Our interview with Emily was a reminder to me that teachers build relationships with generations within families. It’s one of the things that makes teachers special. Emily has taught kids that now teach and taught the parents of students she has now.
In many ways, teachers are a common thread within communities. That’s making a generational impact.
Emily teaches Family & Consumer Sciences at Bragg Middle School.
Treye Hanner: Tell us a little about you and how you decided to become a teacher.
Emily Cazola: I spent my childhood pretending to be a teacher. My grandmother was an English teacher and I loved being in her classroom. The only other job I thought I would like was an airline stewardess, but teaching seemed a little more suitable if I wanted a family and to be at home for my children!
I have been married to Jim Cazola for almost 28 years. We have three boys, Caleb, Dawson, and Eli Cazola. I feel like teaching was just my calling. I taught at Snow Rogers for 11 years, English in 6th grade at Bragg for 7 years, and for the past 9 years I have been teaching Family & Consumer Science at Bragg Middle School. I stay pretty busy and enjoy coaching bowling and tennis. I am the yearbook sponsor, FCCLA adviser and co-sponsor the drama team, so there is never a boring day!
Treye Hanner: What is your favorite part of being a teacher?
Emily Cazola: I love getting to know kids and pointing out their gifts to them. Each child is unique and has a gift to offer to the world. Sometimes they have people in their lives pointing that out to them and sometimes they do not. I am now teaching with kids that I taught and teaching students that I taught their parents! Nothing makes me happier than seeing kids as adults and knowing I had a small part in helping them become who they are today. Middle school is a hard age, so I enjoy helping kids through the most challenging school years.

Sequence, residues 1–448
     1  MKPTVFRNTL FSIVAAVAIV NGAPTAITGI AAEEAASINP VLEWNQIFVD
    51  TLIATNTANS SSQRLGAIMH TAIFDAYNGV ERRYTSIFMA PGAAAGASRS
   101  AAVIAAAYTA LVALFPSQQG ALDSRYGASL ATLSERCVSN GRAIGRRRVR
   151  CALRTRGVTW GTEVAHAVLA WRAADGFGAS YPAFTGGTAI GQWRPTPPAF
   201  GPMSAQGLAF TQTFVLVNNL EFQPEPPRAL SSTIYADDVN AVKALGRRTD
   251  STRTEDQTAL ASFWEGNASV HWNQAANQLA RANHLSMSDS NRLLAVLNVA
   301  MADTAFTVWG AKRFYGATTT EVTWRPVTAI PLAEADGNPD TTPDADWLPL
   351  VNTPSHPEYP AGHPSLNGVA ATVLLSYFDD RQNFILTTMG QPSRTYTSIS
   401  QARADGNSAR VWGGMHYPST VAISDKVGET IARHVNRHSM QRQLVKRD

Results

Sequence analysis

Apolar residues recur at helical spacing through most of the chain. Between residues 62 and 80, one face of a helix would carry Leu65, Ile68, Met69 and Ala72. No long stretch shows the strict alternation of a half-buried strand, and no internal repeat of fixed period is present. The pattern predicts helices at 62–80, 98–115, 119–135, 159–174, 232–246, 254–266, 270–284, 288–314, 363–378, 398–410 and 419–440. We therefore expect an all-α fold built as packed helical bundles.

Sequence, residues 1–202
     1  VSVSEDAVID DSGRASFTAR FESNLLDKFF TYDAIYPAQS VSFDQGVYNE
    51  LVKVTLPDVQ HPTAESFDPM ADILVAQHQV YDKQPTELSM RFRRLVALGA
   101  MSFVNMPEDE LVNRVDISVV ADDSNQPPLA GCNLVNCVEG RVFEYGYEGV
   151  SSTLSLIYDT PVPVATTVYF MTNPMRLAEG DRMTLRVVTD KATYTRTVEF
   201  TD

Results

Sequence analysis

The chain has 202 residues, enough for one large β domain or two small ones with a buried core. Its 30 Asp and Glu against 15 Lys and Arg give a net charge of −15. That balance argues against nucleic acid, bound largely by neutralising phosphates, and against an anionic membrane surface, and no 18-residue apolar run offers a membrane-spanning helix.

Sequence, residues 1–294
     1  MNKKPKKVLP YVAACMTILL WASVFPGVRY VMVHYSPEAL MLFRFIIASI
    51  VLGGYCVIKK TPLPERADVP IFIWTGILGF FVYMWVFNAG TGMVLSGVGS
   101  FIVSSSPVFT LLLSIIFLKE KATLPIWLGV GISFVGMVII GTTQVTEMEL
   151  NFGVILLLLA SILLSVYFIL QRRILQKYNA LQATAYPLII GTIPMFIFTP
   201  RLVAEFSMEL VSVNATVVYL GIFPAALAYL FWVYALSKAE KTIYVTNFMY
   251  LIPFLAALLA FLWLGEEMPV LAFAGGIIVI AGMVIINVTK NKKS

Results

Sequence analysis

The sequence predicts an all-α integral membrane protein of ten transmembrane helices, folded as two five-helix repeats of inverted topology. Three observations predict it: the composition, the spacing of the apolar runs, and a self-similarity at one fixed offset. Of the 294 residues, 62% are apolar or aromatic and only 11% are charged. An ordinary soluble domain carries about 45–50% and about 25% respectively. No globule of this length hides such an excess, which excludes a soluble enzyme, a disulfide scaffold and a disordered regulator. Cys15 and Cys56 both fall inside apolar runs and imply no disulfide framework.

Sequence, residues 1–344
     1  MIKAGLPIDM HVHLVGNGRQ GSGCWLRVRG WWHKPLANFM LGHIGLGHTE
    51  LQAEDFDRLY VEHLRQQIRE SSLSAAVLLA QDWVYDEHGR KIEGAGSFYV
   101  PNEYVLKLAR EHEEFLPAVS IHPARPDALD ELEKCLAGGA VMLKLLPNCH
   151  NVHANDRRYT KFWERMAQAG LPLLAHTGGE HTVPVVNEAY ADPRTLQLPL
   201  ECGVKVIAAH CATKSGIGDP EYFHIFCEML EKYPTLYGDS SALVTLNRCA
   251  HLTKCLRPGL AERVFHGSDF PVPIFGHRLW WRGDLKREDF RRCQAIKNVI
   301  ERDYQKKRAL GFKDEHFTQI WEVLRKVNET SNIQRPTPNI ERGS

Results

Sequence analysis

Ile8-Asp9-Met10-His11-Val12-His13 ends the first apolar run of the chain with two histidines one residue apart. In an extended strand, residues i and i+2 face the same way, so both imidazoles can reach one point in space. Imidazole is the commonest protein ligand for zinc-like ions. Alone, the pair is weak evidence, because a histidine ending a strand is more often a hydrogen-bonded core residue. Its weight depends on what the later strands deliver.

Treye Hanner: What challenges have you experienced while having to teach through the pandemic?
Emily Cazola: I teach FACS (Family and Consumer Science) formerly known as Home Economics. My curriculum is based on hands-on skills like cooking and sewing, decision making, communication skills, and introduction of college and career paths. These life skills are very difficult to teach through a computer. I need to see kids and I feel like they need to see each other. Kids learn from each other, and kids like to help each other, so the pandemic was a very challenging time, but we made it through!
Treye Hanner: Are there special moments where you say to yourself “This is why I teach.”
Emily Cazola: Yes! I think every teacher has those rewarding moments. Those are the moments where you think you can’t imagine doing anything else. I have some notes hanging behind my desk that remind me I am teaching skills that kids can use one day. I have a lot of stories, but one that comes to mind is the note one kid wrote that he had hemmed his brother’s baseball pants. It just makes the heart feel good!
Treye Hanner: What is one thing you would like people to know about teachers?
Emily Cazola: Most people may not know this, but teachers are really never off the clock. If you get one thing checked off your list there are five more added quickly! Teachers have a lot to juggle. Ultimately, I have to remember my job is to teach and sometimes the list just keeps growing, but eventually it seems to all get done.